Howl’s Moving Castle really is beautiful and I highly recommend it if you haven’t seen it before. If you have seen this film, what did you think about it? Let me know your thoughts in the comments below and have a great day 🙂

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Animated Film Reviews

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My Thoughts on: Terminal (2018)

If you watch enough films, you’ll realize that there are some films that cannot be explained; they have to be experienced. After last night, I’m convinced that Terminal is one of those films. The film can best be described as an extremely twisted take on Alice in Wonderland (as the film is permeated throughout with references to the book). Terminal is mostly set in a train station late at night and follows a mysterious woman named Annie (Margot Robbie); a dying English teacher (Simon Pegg); two contract killers (Dexter Fletcher and Max Irons); and the peculiar cleaner that works at the station (Mike Meyers) as their paths converge in unexpected ways.


One undeniable positive about Terminal is that it looks amazing from start to finish. Based on the noir style, the scenes contain vibrant pops of color set against dark backgrounds (my particular favorite is Annie’s bright red coat). There’s also a wonderful use of neon lighting. On the other hand, I spent most of the film watching this beautiful display of color and wondering what on Earth I was watching. The film’s biggest weakness is it takes a very long time to connect the dots and reveal how these characters are all connected. Now, that being said, once the film does reach this point, things begin to make sense very quickly.


The final twenty minutes of the film are where things really get crazy (and that’s saying something in a film that’s full of crazy moments). Several twists are revealed in succession, from the expected (I pegged one twist about halfway through the film) to the “oh my god I did not see that coming.” In fact there are so many reveals at the end that it’s almost like watching a mini-movie separate from everything that just happened. There was probably a more straightforward way to incorporate these last twists but I can’t complain too loudly because the film made sure to cover every loose end.

If you’re willing to wait for the payoff, Terminal is a very enjoyable film. It’s not perfect by any means, but the flaws aren’t big enough to ruin the experience. If you’ve seen Terminal, what did you think about it? Let me know your thoughts in the comments below and have a great day!

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My Thoughts on: The Meg (2018)


When I first saw the trailer for The Meg, I thought one of two things would happen if I saw this movie. One, I would be scared out of my mind or two, I’d be laughing like crazy because of the ridiculous material. It promised to be a semi-interesting film at any rate, as it featured the oft-visited  science fiction scenario of a prehistoric Megalodon wreaking havoc in the modern world. Well, having returned from seeing The Meg, I wish I could say the film did one or the other, or was even a combination of both.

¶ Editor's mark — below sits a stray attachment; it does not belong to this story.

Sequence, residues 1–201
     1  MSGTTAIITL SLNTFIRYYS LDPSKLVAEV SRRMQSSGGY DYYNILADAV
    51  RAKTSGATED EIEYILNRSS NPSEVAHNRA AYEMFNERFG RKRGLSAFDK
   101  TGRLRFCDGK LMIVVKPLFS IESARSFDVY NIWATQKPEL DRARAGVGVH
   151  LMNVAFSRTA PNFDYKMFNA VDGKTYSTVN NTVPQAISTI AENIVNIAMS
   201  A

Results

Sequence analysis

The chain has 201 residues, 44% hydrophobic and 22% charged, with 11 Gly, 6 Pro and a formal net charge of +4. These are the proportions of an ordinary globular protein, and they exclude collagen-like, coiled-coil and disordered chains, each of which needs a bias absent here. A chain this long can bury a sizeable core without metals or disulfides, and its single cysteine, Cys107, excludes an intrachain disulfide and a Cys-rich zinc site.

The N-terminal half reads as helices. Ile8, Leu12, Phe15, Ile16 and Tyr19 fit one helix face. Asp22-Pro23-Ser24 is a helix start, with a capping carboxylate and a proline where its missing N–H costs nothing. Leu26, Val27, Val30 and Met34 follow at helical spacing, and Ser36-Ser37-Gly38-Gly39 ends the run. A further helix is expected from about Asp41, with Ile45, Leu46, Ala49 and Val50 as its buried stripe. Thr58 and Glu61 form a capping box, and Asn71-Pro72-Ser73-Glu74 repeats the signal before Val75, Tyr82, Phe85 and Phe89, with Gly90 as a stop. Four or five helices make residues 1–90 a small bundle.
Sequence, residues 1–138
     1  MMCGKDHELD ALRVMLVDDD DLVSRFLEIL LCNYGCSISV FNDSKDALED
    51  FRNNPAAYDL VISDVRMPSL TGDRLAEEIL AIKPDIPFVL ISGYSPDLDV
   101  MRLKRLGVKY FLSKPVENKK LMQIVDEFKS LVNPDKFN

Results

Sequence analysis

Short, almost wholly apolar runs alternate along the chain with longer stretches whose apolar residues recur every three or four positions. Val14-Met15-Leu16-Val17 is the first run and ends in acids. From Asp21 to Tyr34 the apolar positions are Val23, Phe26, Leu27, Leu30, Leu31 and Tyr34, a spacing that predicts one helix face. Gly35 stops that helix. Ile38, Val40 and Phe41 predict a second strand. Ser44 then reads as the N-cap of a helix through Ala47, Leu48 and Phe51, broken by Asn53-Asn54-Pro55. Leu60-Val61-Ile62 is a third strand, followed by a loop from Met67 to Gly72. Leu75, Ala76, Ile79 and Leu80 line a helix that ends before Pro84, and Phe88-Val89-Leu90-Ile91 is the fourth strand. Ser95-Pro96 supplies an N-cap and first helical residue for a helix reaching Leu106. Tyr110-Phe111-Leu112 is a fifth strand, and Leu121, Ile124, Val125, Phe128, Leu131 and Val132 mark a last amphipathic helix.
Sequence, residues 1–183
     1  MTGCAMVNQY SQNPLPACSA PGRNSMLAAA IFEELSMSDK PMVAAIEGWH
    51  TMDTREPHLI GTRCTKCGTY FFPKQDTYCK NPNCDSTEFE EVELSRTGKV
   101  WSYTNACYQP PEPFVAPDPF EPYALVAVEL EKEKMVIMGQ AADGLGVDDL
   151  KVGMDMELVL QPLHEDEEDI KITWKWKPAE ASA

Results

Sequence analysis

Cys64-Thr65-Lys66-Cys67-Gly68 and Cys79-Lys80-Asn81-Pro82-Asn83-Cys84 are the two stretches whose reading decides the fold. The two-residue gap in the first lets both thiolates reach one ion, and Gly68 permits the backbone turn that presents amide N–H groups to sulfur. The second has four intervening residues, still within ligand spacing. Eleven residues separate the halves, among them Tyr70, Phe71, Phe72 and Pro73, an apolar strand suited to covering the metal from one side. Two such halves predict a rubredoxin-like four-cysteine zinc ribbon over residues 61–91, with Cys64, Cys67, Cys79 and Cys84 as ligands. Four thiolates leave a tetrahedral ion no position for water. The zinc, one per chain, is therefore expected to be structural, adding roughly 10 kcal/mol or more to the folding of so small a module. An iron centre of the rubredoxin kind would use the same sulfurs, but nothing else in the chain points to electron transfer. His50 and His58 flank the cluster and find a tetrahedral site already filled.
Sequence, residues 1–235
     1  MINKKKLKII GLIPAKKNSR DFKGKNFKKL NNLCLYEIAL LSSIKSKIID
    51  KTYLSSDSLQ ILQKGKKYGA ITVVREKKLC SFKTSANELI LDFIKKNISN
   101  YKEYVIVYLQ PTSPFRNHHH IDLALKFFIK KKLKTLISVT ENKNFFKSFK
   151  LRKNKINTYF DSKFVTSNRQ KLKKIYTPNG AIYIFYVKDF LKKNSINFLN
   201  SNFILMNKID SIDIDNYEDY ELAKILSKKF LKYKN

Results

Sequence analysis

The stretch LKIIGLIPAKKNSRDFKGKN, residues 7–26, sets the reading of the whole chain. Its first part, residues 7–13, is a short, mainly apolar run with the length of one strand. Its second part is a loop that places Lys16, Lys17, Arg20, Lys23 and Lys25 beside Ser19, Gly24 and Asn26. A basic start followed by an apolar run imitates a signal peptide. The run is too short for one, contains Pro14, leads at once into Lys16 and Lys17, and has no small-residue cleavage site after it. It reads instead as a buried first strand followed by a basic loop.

But I can’t.

Don’t get me wrong, there are some good elements to The Meg. There are some gorgeous underwater scenes showing life in the Mariana Trench and a shot of a shark cage appearing very small in the vast ocean. Actually, the film even starts with a semi-plausible scenario that sets up how a Megalodon could have survived all these years in the modern ocean. And in terms of the cast, Jason Statham does an admirable job with the material he’s given. In fact, the show is almost completely stolen by child actor Shuya Sophia Cai. However, despite these good qualities, I can’t overlook the messier aspects of the story.


The big problem with The Meg is, it doesn’t seem to know what sort of film it should be. At times it feels like a dark comedy, with any tension relieved by humorous quips (including a Finding Nemo reference). And yet there are also moments where it seems the filmmakers were trying to emulate the terror of Jaws or the scarier aspects of Deep Blue Sea (which might not be the best example but I got strong reminders of that film in particular). If the film had just committed one way or another, The Meg would have been a comfortably enjoyable B-film. Unfortunately it just didn’t work out that way.

And those are my thoughts on The Meg. What do you think of this film? Let me know your thoughts in the comments below and have a great day!

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My thoughts on: Sunshine (2007)

Sunshine is a notable science fiction film for several reasons. For one, it has one of the best scores you will ever hear in the genre (it even gives Interstellar a run for its money). For two, it’s actually built on a fairly realistic premise; like Discovery in 2001: A Space Odyssey, the Icarus II is a believable-looking ship with plausible technology onboard. Unfortunately, the third thing that makes it notable is that the entire plot goes to pieces in the last act (more on that in a little bit).